Sexuality Research Has Shown That Men and Essay

Excerpt from Essay :


Research has shown that men and women look for different characteristics when looking for long-term partners. Some research shows that men favor physical variables (attractiveness) more than women (lecture notes). This could be due to an underlying biological impetus to breed with women who have good genes. The fact that many men worldwide reveal a preference for younger partners might also be traceable to biology; younger women are more likely to bear children.

Women might value things like "vocational status, earning potential, expressiveness, kindness, consideration, dependability, and fondness for children," (Rathus, et al., 2002, cited in lecture notes). The fondness for children preference is linked to biology and psychological necessity as well, as women want mates who will be able to share in the childrearing duties. On the other hand, some men might value traits like "cooking ability, frugality, and youth (Rathus et al., 2002, cited in lecture notes). Reasons for men appreciating these characteristics are clearly traceable to a patriarchal social structure, in which women occupy these roles in the social hierarchy. Likewise, women who seek men who have high earning potential do so because of gender-based social stratification in patriarchal societies. Women who find and marry men with high earning potential, but who lack qualities like honesty and kindness, often find themselves in disastrous relationships. The same is true for men who look for and marry mates because of their cooking and cleaning skills, but who suddenly decide they no longer wish to be domestic slaves.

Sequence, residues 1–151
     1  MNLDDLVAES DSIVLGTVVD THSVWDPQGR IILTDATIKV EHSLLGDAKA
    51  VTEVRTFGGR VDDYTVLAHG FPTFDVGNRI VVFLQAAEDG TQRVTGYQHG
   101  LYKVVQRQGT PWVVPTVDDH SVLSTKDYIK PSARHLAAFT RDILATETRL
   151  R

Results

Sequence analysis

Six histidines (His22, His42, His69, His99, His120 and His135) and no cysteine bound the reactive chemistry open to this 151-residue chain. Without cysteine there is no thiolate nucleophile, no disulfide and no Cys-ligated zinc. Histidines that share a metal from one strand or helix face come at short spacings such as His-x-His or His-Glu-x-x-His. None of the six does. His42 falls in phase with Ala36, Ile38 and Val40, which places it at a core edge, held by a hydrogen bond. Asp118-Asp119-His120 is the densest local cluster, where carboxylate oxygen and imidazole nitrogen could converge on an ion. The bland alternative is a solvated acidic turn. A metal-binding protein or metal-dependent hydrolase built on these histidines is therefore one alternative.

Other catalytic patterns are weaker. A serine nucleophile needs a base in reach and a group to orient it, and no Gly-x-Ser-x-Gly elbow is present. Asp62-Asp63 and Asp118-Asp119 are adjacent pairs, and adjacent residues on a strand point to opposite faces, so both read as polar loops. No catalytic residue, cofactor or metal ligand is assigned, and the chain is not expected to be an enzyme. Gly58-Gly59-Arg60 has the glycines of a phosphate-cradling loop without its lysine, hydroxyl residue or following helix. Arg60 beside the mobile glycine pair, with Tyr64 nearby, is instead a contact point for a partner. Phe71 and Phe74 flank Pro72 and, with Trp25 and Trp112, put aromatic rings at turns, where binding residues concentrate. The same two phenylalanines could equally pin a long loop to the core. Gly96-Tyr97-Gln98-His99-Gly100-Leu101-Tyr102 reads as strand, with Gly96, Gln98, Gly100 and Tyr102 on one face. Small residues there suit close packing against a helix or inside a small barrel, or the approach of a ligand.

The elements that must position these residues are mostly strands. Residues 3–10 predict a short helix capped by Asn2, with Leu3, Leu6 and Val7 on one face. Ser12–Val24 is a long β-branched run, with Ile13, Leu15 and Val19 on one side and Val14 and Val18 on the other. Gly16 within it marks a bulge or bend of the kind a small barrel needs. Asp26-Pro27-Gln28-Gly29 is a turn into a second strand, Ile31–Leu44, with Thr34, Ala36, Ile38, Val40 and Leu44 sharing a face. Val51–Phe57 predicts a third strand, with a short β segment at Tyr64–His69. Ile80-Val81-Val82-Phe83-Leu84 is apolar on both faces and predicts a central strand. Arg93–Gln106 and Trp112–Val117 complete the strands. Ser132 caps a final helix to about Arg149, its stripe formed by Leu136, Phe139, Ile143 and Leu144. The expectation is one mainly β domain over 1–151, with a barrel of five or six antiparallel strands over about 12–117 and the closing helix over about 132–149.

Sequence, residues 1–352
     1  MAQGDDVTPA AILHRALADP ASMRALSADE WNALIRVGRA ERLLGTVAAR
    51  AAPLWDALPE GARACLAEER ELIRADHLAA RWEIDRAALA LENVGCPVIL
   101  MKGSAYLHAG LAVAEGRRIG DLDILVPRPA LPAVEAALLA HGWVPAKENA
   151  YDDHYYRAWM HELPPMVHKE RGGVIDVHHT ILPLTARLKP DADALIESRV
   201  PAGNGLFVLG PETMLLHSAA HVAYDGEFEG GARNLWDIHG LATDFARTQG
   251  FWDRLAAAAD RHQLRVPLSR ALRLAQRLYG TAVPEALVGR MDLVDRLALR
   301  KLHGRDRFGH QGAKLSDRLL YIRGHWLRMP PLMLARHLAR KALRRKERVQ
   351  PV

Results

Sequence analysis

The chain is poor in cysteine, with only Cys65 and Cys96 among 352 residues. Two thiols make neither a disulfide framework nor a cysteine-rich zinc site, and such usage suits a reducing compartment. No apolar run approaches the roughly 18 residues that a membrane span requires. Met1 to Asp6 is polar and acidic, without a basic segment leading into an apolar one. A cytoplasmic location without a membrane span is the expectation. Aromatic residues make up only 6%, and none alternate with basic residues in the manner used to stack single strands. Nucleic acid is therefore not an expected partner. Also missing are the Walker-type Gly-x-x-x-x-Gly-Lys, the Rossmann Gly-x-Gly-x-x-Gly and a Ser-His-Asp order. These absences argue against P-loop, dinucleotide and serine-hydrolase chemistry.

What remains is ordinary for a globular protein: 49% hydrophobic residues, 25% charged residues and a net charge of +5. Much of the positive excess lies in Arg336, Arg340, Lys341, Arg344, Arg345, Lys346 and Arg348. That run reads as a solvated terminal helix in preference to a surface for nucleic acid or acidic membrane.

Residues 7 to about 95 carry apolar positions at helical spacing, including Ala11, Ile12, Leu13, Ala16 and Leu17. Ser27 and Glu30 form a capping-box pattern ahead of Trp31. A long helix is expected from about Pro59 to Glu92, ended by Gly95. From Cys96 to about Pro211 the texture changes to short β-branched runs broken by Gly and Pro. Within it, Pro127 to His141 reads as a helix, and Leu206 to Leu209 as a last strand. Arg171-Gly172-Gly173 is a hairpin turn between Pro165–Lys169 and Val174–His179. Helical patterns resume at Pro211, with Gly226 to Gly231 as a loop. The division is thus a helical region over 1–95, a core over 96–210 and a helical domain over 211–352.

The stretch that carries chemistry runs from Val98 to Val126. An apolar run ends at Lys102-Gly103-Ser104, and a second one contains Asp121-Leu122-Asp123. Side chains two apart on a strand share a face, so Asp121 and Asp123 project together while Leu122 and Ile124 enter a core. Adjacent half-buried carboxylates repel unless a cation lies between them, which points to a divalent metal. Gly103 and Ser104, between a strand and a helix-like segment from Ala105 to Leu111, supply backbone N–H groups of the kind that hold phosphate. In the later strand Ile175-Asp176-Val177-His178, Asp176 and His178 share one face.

More universal preferences, such as that toward honesty, shows that there are some characteristics that both men and women appreciate. Kindness and dependability also rank high as desirable characteristics in a mate for men and women (lecture notes). Therefore, it is highly likely that gay men and lesbians also look for partners who are honest, dependable, and kind.

Part II

As Nunnink, Goldwaser, Afari, Nievergelt & Baker (201) found, up to 80% of individuals with PTSD have some kind of sexual difficulties or dysfunction. The researchers link the dysfunctional pattern to emotional numbing. Thus, in cultures with high rates of diagnosed or undiagnosed PTSD, similar patterns of emotional numbing and subsequent sexual dysfunction might be recorded. Rape and sexual assault, for example, can cause PTSD and subsequent sexual dysfunction. In some cultures, rape is normative to the society. Women are considered the property or playthings of men in many African cultures, for example (Chapter 6: Sexual Violence).

Different sexual customs around the world can also increase the incidence of sexual dysfunction. Highly patriarchal societies, which border on misogynistic, undermine the sexual (and emotional) pleasure of women. This would lead to sexual dysfunction. In fact, the sexual dysfunction would not even be defined as such within that culture. Numbing and lack of pleasure for the woman would instead be considered normative. The extreme case is genital mutilation: a practice that…

Sources Used in Documents:


"Chapter 6: Sexual Violence."

Lecture Notes

Nunnink, S.E., Goldwaser, G., Afari, N., Nievergelt, M. & Baker, D.G. (2010). The role of emotional numbing in sexual functioning among veterans of the Iraq and Afghanistan Wars. Military Medicine 175(6).

PBS (2012). Teen Brain. Retrieved online:

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